European Commission Roadmap to Return to Freedom of Movement in the EU

May 18, 2020

On 13 May 2020 the European Commission published its guidelines and recommendations on how to safely resume travel and reboot Europe’s tourism in 2020 and beyond. You may view the guidelines here: etail/en/ip_20_854.

The publication reflects an EU common approach to restoring free movement and lifting restrictions of internal borders. The EU strategy is for Schengen countries to lift their internal borders before any steps can be taken to open the Schengen external borders to the rest of the world.

When the coronavirus outbreak hit Europe last March, most Schengen countries reintroduced internal border controls with one another. Shortly afterwards, they agreed to close their external borders to non-essential travel coming from outside the Schengen area or the UK

The joint approach to commence lifting of restrictions at EU internal borders published on 13 May is a staggered approach. The European Commission has advised a gradual lifting of restrictions comprising three separate phases:

Phase 0: This is the current phase during which non-essential travel is restricted except for certain workers, to include seasonal workers, cross border commuters and service providers.

Phase 1: During this phase, internal border controls will be lifted throughout the EU but only between regions, areas or countries with the same or a similar epidemiological situation.

Some Schengen countries have already reached Phase 1. Austria and Germany have already agreed to end controls between their common border and Estonia, Lithuania and Latvia intend to do the same.

During Phase 1, it may be possible for employers to move employees from certain countries or regions within the Schengen countries. However, employers can expect practical challenges in taking such steps. Local and national information on travel will continue to change until pre-COVID-19 freedom of movement has been restored.  We recommend that employers consider all current travel restrictions before moving their employees within the Schengen area countries and, in particular:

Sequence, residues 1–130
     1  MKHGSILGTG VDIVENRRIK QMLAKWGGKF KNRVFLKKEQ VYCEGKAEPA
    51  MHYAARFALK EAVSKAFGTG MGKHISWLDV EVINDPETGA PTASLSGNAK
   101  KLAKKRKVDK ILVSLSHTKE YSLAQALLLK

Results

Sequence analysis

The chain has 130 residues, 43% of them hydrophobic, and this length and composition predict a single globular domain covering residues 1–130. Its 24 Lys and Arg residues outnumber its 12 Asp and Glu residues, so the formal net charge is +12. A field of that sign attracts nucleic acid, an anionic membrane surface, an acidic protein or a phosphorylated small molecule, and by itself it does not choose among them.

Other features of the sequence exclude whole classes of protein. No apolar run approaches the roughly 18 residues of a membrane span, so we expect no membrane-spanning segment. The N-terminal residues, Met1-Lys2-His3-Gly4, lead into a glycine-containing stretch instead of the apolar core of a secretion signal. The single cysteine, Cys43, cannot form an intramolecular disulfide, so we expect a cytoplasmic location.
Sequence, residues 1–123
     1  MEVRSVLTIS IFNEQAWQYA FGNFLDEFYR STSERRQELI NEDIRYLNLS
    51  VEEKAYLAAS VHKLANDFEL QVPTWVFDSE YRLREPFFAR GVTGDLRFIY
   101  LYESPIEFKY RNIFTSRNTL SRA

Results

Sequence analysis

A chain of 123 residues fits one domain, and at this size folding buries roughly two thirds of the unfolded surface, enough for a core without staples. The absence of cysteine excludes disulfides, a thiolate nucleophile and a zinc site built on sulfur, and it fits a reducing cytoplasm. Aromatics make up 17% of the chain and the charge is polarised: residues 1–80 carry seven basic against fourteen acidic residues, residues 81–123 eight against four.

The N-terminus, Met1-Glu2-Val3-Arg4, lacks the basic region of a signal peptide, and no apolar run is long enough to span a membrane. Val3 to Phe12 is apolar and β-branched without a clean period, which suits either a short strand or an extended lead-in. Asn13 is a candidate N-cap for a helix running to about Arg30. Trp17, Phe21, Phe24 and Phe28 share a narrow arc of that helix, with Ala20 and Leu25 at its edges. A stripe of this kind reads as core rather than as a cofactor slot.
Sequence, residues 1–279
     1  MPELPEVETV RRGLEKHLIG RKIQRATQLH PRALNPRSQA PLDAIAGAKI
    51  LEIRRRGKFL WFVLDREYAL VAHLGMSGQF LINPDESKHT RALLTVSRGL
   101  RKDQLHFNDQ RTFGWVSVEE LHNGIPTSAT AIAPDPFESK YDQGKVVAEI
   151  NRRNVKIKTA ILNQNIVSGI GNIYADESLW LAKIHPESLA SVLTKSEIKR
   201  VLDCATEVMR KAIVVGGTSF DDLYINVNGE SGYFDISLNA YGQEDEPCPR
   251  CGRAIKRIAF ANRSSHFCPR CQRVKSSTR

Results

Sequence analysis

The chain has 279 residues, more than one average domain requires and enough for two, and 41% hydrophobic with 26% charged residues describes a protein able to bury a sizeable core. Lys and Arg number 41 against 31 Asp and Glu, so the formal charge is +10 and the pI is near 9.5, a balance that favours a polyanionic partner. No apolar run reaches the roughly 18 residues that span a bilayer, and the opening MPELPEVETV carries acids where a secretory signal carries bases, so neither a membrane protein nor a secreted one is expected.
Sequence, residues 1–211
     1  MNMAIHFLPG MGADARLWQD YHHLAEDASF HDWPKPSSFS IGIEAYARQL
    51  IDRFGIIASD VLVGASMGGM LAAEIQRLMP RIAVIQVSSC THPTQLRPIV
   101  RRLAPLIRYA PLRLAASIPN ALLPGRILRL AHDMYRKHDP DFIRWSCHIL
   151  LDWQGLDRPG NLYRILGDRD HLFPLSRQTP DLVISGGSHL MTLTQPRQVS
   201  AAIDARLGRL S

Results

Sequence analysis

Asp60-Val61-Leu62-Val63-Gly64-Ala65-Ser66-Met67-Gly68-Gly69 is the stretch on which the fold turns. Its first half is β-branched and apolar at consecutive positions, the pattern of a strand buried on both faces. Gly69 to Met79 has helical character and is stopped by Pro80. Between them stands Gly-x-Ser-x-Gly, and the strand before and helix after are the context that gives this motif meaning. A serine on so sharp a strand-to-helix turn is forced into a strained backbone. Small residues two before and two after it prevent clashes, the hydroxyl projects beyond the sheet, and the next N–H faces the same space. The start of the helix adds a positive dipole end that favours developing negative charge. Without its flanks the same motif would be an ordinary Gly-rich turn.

• whether an employee’s current country of residence and destination host country have reciprocally lifted restrictions;
  • if travel is possible between both countries, how should the employee enter the destination country, through which border and whether transport is available; and
  • whether there are any mandatory health measures in place such as the requirement for a health certificate or COVID- 19 testing on arrival and quarantine or self-isolation post-arrival.

Phase 2: During Phase 2, all restrictions at internal borders across the Schengen countries will be lifted while keeping any necessary health measures in place.

The European Commission has indicated that it will not invite Schengen countries to reopen the external borders of the Schengen area until after Phase 2.

The European Commission’s publication does not include dates for each phase as the progression from one phase to the next will depend on how the pandemic progresses/regresses.  It is also unclear if the current health restrictions being imposed by certain Schengen countries will continue to apply for each phase or indeed, thereafter.

The publication has provided welcome guidance and increased certainty for employers and will enable them to consider and plan intra-EU moves for their current workforce.

This publication was prepared by Raquel Gómez Salas Counsel (Global Immigration) Europe at Newland Chase.

This publication is not intended as a substitute for legal advice. Readers are reminded that immigration laws are subject to change. We are not responsible for any loss arising from reliance on this publication. Please contact Newland Chase should you require any additional clarification or case-specific advice.

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